Archive: March 2010


Contrast Derived From Old World Versus New World

I enjoy a story that depends on a contrarian bent. If someone revealed that Steve Jobs prefers Bad Religion on vinyl or that Michael Arrington leads a Bible study group, I would read those stories. So naturally, I gravitated to the piece “A hammer — yes, that low-tech tool — helps mold noses of Japan’s …more

The Wall Street Journal Prints Lame Name-calling Article

Yesterday’s Wall Street Journal included an article that caught my attention. Titled “New Google Hire Takes Aim at Apple,” the piece – can’t bring myself to call it a story – recounts how a Google employee ( Tim Bray) recently poached from Sun used his personal blog to say nasty things about Apple’s mobile phone …more

The Power of Saying "We Blew It"

This headline in BusinessWeek was so good, I decided to borrow it. Writer Patrick Lencioni, head of management consultancy The Table Group, chronicles the Domino’s Pizza ad campaign that takes introspective to a new level. In short, Domino’s falls on its rolling pin, publicly sharing focus group opinions that call out the pizza maker for …more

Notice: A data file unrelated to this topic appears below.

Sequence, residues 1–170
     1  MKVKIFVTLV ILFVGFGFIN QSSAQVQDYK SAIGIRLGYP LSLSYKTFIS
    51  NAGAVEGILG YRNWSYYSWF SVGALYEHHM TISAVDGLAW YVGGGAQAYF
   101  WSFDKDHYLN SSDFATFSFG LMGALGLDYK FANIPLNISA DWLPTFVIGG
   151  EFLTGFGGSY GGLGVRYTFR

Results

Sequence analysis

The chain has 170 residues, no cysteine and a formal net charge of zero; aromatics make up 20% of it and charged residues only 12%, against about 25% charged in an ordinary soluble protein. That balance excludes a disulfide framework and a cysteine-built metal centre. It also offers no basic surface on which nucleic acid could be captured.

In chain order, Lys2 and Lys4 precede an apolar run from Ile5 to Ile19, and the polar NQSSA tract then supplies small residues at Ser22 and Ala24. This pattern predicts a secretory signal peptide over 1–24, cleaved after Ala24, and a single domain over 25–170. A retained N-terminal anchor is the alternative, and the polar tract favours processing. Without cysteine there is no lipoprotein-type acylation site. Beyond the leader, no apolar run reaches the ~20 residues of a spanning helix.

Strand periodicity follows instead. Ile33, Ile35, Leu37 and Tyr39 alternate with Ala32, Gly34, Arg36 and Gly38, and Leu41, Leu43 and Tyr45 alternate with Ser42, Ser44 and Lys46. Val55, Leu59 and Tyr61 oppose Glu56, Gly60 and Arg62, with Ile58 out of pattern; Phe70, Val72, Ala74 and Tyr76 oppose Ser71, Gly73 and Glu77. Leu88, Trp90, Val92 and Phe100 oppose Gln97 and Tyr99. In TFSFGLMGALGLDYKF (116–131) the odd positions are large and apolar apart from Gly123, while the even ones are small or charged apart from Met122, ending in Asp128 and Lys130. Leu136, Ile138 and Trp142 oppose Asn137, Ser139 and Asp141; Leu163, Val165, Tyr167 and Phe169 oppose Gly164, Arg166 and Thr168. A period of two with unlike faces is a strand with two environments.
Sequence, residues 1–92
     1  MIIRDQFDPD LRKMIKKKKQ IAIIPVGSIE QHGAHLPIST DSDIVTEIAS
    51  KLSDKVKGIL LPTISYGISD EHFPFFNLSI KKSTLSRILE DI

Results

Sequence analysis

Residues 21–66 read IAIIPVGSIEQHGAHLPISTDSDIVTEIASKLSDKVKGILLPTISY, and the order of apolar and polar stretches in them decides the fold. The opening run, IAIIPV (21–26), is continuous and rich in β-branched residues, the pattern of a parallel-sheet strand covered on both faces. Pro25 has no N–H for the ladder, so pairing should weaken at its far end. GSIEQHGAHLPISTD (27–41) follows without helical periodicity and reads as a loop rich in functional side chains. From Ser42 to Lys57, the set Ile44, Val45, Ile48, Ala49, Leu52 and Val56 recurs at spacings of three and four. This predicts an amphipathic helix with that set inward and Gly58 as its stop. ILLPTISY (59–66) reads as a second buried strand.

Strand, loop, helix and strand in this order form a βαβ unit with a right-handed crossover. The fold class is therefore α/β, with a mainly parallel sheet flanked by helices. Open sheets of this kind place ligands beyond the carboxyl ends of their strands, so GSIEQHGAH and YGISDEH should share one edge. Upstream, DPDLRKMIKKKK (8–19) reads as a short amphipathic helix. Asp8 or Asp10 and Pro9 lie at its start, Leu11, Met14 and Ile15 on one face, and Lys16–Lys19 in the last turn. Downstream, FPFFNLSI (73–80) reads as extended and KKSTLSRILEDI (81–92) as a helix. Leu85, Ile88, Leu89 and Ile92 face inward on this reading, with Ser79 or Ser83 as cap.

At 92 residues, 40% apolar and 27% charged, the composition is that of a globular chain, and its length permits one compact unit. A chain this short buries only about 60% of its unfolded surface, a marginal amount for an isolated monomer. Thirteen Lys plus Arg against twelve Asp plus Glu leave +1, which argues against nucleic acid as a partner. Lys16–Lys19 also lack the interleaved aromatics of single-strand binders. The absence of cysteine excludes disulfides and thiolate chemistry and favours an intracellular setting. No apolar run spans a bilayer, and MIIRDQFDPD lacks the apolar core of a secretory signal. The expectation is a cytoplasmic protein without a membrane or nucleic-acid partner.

The Economist Showcases the Anecdote as an Art Form

I’m a big fan of The Economist. The writers have perfected storytelling for a business audience. Of course, the writers toil in relative obscurity with a no-byline policy that leaves readers to wonder “Who the hell wrote that piece?” So I can’t tell you who penned the masterpiece called “A Different Game,” addressing data storage …more

Toyota Crisis: Hell Hath No Fury Like a Car Maker Scorned

Scorn makes for good storytelling. It brings out emotion and ultimately unscripted drama. Look no further than the bevy of reality TV shows cranking out the profits to understand the appeal of NOT knowing how the story will turn out. With this in mind, I suspect we’re going to see and read a helluva story …more

Toyota Crisis PR: Customer Letter No. 4 Loses Its Way

When it comes to a crisis, everyone tends to fixate on the “bad press.” I think it’s more revealing to zero in on the communications controlled by the offending company. How are they telling their story within their control? That’s why I find the Toyota open letters to customers so fascinating. Just because you control …more

Creative Writing 101 from Kurt Vonnegut

I rarely address fiction in this blog. While many of the same concepts apply to storytelling in business, there’s still a gulf between the two disciplines. But Sarah Lafferty pointed me to a book of Kurt Vonnegut short stories published after his death. The introduction includes what Vonnegut calls “Creative Writing 101,” which offers sound …more